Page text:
HalfWheat wrote:No one can reliably predict what shirts sell the best. Woot picks shirts all the time that don't sell well. If selling out every day was their goal, you'd think they'd be the ones who could make the best predictions, and you'd think that there would be a lot more dailies that sold out.
So either they don't care about selling out, or they can't predict. Or both.
As far as what is wearable, that's a personal decision.
Low-selling art pieces might utimately be a good business decision. The derby draws people to the woot sites who might not otherwise come here if it was just a site for cheap shirts. It's not all about making money at the moment, it's about making money long-term.
If you put out diverse and well-done work every day, you bring in people who like diverse and well done work EVERY DAY. They may not like today's offering, because people who like diverse and well done art spread their sales based on their tastes, while people who like Ramy buy only Ramy even if it leaps into the vacuum. But they check every day for the next awesome design, and sometimes they buy. On the other hand, people who are so narrowminded and only like the generic populist drivel are going to only buy the generic populist drivel. Adding too much of such drivel (as woot does most derbies) will drive off many of the diverse viewers. Lack of diverse viewers will make the good shirts sell even worse, since who's checking woot? It's just a bunch of bunnies! It's not like a Nevermore fan is going to buy something attractive and creative very often! And with no one to buy much in the way of great work, woot will become more about appeasing the sheep. But eventually the sheep won't be able to buy every shirt. And then who's going to buy scaffolding that has no audience that really appreciates it for anything but easily consumed merchandise?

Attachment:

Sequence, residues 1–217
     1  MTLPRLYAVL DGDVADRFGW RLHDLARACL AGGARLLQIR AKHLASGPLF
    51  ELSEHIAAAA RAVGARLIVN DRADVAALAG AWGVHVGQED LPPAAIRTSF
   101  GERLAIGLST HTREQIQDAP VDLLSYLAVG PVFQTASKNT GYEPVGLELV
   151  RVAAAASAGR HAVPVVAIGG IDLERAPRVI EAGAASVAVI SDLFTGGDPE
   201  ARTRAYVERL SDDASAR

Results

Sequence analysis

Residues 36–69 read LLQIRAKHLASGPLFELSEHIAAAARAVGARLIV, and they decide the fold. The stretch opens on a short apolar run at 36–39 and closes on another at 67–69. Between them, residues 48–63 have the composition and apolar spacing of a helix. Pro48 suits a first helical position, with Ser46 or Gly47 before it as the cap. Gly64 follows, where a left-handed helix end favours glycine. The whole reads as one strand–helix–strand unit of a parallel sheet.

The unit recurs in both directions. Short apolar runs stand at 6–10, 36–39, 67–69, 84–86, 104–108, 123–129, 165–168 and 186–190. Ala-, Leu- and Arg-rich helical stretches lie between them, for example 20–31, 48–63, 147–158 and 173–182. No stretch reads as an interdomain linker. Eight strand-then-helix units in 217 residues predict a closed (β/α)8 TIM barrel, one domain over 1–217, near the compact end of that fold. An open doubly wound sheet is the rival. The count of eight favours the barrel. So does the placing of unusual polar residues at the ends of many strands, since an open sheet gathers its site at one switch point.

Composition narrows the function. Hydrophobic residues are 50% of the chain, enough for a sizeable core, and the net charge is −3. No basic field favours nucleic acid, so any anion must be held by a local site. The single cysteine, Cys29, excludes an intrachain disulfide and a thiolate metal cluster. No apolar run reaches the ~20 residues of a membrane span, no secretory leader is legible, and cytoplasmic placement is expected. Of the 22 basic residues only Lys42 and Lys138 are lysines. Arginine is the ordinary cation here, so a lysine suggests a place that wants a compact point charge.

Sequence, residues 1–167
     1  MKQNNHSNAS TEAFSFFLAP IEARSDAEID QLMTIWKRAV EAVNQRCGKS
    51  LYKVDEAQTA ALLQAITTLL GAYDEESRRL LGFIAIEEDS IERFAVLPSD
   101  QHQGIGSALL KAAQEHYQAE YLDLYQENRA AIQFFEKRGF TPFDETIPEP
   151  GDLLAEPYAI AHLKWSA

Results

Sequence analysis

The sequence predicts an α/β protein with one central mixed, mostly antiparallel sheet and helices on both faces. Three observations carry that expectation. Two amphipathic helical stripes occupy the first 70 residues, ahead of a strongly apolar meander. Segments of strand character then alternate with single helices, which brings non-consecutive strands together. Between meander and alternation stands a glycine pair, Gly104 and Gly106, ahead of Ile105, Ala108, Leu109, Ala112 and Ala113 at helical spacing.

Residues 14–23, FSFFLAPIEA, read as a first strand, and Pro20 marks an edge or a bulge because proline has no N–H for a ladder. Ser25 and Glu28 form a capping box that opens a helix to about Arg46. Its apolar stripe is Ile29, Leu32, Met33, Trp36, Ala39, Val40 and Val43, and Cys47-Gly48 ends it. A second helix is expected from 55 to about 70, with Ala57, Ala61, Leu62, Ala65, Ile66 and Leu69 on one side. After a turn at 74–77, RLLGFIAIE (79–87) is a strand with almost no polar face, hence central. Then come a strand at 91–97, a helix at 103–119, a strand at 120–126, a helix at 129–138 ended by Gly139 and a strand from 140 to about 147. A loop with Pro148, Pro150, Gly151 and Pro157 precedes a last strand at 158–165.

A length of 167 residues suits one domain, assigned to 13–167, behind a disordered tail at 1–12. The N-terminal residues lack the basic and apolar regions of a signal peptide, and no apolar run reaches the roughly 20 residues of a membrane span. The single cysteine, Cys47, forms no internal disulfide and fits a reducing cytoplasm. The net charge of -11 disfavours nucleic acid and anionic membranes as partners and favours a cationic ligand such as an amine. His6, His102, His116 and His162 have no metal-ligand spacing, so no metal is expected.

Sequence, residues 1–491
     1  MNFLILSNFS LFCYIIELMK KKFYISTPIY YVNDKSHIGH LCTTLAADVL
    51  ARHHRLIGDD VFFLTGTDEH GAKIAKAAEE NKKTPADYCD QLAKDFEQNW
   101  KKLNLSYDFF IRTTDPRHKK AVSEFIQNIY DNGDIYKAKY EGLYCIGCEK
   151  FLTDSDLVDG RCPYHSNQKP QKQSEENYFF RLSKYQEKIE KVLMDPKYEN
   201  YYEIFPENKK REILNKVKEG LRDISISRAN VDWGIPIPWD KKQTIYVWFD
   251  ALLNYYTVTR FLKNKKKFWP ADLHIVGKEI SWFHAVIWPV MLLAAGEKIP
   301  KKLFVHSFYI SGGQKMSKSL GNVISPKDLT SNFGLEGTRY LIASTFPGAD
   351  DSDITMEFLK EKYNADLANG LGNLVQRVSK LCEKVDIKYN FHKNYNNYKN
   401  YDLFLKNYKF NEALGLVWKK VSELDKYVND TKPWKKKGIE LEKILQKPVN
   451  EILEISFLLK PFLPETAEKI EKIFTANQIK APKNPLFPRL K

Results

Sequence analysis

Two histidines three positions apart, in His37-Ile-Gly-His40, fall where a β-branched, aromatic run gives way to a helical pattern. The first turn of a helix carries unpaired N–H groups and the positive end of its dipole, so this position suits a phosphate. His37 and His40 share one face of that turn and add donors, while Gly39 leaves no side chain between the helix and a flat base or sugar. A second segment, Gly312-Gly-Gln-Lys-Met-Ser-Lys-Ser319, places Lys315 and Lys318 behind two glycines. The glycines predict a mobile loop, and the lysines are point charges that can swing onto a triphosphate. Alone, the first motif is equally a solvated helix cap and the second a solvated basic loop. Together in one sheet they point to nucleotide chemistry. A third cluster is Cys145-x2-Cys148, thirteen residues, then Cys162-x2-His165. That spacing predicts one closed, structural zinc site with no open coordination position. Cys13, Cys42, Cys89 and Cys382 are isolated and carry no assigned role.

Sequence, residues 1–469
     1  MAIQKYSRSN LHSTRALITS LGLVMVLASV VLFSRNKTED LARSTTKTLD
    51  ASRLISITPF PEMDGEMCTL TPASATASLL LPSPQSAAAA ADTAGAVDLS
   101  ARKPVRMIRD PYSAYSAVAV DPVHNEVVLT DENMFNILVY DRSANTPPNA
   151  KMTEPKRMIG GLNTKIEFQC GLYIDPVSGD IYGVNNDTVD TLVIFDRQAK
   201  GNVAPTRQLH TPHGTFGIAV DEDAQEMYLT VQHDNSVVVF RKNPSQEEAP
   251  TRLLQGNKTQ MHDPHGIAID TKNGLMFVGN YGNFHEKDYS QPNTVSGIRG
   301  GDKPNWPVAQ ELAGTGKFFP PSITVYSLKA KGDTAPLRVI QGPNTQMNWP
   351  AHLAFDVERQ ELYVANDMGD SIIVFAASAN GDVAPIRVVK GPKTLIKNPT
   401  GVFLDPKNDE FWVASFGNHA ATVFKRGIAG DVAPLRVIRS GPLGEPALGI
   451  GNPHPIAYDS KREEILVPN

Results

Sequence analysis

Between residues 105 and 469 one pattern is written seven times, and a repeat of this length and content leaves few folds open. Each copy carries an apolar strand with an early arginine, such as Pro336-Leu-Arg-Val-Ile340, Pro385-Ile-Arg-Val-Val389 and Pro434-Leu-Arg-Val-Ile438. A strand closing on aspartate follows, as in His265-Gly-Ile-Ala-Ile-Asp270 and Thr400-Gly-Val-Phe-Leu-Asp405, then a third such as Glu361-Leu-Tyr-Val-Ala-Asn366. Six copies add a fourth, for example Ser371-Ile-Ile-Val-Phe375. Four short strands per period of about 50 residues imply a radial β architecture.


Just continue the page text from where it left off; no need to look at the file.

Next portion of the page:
There are plenty of tee sites that continue to turn profits enough to stay comfortably in business without hitting woot's normal levels of sales. Woot averages over 1000 shirts a day, between the featured shirt (which usually cracks 1k itself) and next-day sales of other tees. I don't even know if Threadless can boast those numbers. Toss in three other successful sites and the new kids.woot, and I'm pretty sure woot is turning a hell of a profit. So screw everything people claim to know about business. You know how to sell out, but you know nothing about how to sell well. If you offer something high quality and unique and honest, you have no competition. No one else is marketing your passion, your drive, and your mindset. That is why so many diverse tee sites crop up: they all have their own unique designs. You can't go to design by humans to get threadless shirts, or shirtfight to get tilteed, or seibei to get owlmovement, or whatever. But you can go lots of places and get most of woot's most popular pieces. Aaarrrgyle was already done at uneetee. Quick brown fox was more interestingly executed at Threadless. Listen to Your Conscience and Evil-o-meter were/are rehashes that have been done time and time again at Spencer gifts. But nowhere else can offer creative, well-executed and uniquely styled work, because if anyone else tried to copy it, it stops being creative in the copying.
If woot spent a month banning popular work, everybody who buys the popular work would abandon ship to somewhere else. We all know that. But woot has been all but banning GOOD work for about a year, and has been questionable about its prints for longer. Yet the people who want something great to succeed stick around because we know that when it does, we can only get it here. That base will never die. And that is why woot, and any business, does itself a disservice trying to sell out instead of sell right. If you're selling quality, a quality base will keep coming for it. If you're not, all it takes is one misstep to shift your whole buyership to another, similar site.